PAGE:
The Respondents filed a joint statement of defence and they admitted that the Appellant and the first Respondent had a common grandfather called Yawale but it was their case that the farmland in dispute was founded by one Doya Data, a relative of Yawale and that the well of the farmland was dug by Zakar Dongo Yaro, the father of the first Respondent after he sought for and obtained the permission of one Lamba of Shambere. It was their case that it was the father of the first Respondent that requested for a grazing reserve around the well from Lamba of Shambere and that the matter was taken to the District Head of Fika who directed that the grazing reserve be carved out for the father of the first Respondent from the farmlands of one Aradu, Alhaji Muhammadu and others. ?The Respondents admitted the Ward Headship of Garin Yawale as pleaded by the Appellant, save that they contended that Kondo Yawale was ever Ward Head and it was their case that Dogo Tika never farmed on the land and that it was the first Respondent that lent a portion of the land to Musa Maiduwa and to Gimba Yawale. It was their case that the farmland formed part of the Estate of the late father of the first Respondent but that it was left out during the sharing of his Estate on the advice of Mai Gudi that “one day the heirs may decide to come back to their place of birth to reside.” The Respondents counterclaimed for declaratory orders that the father of the first Respondent was the owner of the farmland and that the first Respondent had the right to sell/mortgage the farmland to the second to fifth Respondents and they prayed for an order of injunction restraining the Appellant from trespassing on the land.
The matter proceeded to trial and in the course of which the Appellant called three witnesses in proof of his case and the Respondents called two witnesses in proof of their case. At the conclusion of the trial, Counsel to the parties filed and adopted their respective final written addresses and the High Court entered judgment dismissing the claims of the Appellant and the counterclaim of the Respondents. The Appellant was dissatisfied and therefore appealed to the Court of Appeal.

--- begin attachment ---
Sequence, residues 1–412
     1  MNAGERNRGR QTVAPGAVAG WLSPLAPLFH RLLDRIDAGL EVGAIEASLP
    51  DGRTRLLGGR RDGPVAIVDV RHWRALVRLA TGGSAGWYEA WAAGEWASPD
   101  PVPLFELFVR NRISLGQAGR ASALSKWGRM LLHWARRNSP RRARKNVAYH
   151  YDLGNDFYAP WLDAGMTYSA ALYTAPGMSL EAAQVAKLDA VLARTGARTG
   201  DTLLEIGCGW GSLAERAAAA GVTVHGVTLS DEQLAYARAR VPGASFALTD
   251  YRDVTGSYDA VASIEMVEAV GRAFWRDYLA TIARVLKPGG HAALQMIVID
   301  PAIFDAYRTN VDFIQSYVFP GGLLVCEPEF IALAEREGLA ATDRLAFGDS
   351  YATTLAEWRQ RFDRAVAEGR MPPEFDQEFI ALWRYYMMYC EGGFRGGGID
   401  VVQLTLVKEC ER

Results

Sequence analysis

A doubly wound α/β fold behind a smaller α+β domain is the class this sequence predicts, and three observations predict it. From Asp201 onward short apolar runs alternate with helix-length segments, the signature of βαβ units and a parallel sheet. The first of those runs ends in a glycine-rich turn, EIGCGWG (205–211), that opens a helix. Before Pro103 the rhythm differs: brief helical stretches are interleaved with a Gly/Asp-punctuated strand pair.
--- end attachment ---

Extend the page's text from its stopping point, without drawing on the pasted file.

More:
ISSUE(S) FOR DETERMINATION:
The Court determined the appeal on this sole issue couched as follows:
“Whether the lower Court was right in dismissing the claims of the Appellant in view of the evidence adduced before the Court.”
On the whole, the Court found no merit in the appeal and accordingly dismissed same. The decision of the High court was therefore affirmed.
- EVIDENCE – TRADITIONAL EVIDENCE/HISTORY – What a party relying on traditional history is expected to plead and prove to establish his root of title; effect of failure of a party to prove same
- EVIDENCE – EVALUATION OF EVIDENCE – Duty of trial judge to evaluate evidence and nature of the duty of an appellate court in reviewing such evaluation on appeal
- APPEAL – INTERFERENCE WITH EVALUATION OF EVIDENCE – What an appellant must show to succeed in an appeal against evaluation of evidence by lower Court
- EVIDENCE – BURDEN OF PROOF/ONUS OF PROOF – Whether a plaintiff can rely on the weakness in the case of the defendant to prove his own case in an action for declaration of title